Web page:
Today was a great day. I was wrangled by my sister and niece into hauling the young un’s lambs to the Connell fairgrounds for shearing as fair season fast approaches. There is something wonderfully wicked and decadent about using a ¾ ton pickup with a 24 foot gooseneck trailer to haul two lambs that weigh a combined 275 pounds. Every time I am asked to do something for a kid involved in 4H or FFA I have a tough time saying “no”.
Some people may argue that there really is very little to nothing good about me. I will not argue with that assessment but I will say whatever good there is in me usually has some very direct link to my days raising animals for fairs in both 4H and FFA. You get exposed to and have to deal with so many things that are going to be part of life as you grow up and get older.
Some of these things are quite obvious like learning to work hard, striving for excellence, setting goals, learning to deal with success as well as disappointments. You notice I did not say success or failure? That is because anyone who has completed a 4H or FFA animal project has succeeded in my book. There are times though things just don’t go your way. There will always be the years that you have a particular steer (if you are minor leaguers you may substitute hog, lamb, chicken, rabbit, goat, llama or chinchilla) at this point as is necessary, but anyway you may have that steer that you really felt good about. Maybe you felt he was really an excellent market animal and maybe at home he acted like he would shine in the show ring and help bring home a trophy from the fitting and showing competition.
Many times these high expectations are not met based on many outside factors, which do not mean that you failed; it means you succeeded at a lower level as far as I am concerned. Think of it this way, maybe you were middle of your class and you are usually near the top. This does not mean you failed, it means that for whatever reason today was just not your day. If you want to feel better take a different tact with your mind. Realize that only about 3% or less of all kids even have the opportunity to show an animal at the fair. If you are dead last in your division you are at least 97% better than the rest of the nation at showing an animal! Embrace the opportunity, appreciate the wins and learn from the disappointments, again notice I did not say losses? I will promise you that for every time you thought you had a win in the bag that did not happen, there will be a day when you felt you had little chance to win that you will be holding a purple ribbon and trophy and/or belt buckle.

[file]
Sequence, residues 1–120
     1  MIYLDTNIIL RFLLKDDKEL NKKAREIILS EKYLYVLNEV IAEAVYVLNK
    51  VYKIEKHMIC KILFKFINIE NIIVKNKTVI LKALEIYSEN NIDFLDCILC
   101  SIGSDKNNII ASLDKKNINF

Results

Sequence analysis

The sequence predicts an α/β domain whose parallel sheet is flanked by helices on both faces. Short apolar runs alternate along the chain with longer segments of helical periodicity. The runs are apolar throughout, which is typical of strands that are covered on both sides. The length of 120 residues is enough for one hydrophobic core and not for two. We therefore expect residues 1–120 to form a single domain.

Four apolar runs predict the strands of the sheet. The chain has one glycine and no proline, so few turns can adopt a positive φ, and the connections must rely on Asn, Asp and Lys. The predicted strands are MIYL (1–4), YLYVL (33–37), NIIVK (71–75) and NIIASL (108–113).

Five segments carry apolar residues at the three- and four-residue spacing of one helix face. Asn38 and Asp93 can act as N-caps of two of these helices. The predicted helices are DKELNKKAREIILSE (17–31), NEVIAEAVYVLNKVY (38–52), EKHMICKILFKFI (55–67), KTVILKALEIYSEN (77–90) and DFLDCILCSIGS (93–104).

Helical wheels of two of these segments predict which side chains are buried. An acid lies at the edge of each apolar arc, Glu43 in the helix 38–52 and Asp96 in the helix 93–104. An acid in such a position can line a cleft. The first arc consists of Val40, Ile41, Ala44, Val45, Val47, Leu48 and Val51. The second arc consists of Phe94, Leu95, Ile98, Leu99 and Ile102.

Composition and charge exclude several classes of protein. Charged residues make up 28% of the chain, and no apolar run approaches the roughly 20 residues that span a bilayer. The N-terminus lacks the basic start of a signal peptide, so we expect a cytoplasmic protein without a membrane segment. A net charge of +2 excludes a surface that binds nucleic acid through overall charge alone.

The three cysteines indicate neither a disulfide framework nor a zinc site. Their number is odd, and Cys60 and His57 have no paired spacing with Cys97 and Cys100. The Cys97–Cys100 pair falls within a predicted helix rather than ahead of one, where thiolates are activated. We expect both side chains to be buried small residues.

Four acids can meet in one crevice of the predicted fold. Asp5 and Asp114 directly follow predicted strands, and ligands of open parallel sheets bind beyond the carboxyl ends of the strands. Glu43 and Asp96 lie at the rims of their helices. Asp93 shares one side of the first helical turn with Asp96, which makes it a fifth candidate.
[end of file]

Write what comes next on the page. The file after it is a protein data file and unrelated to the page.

When you become an adult you will remember those wins, and you will remember the times you didn’t win as well but not at such a high level. The important thing to focus on is threefold in this old mans opinion. If you did not win, did you do your best with whatever the situation that was presented? Be able to say yes, not a weak “I thought so” but a strong and forceful “yes, I absolutely did my best. If you are the religious type remember something else, “God hates a quitter”.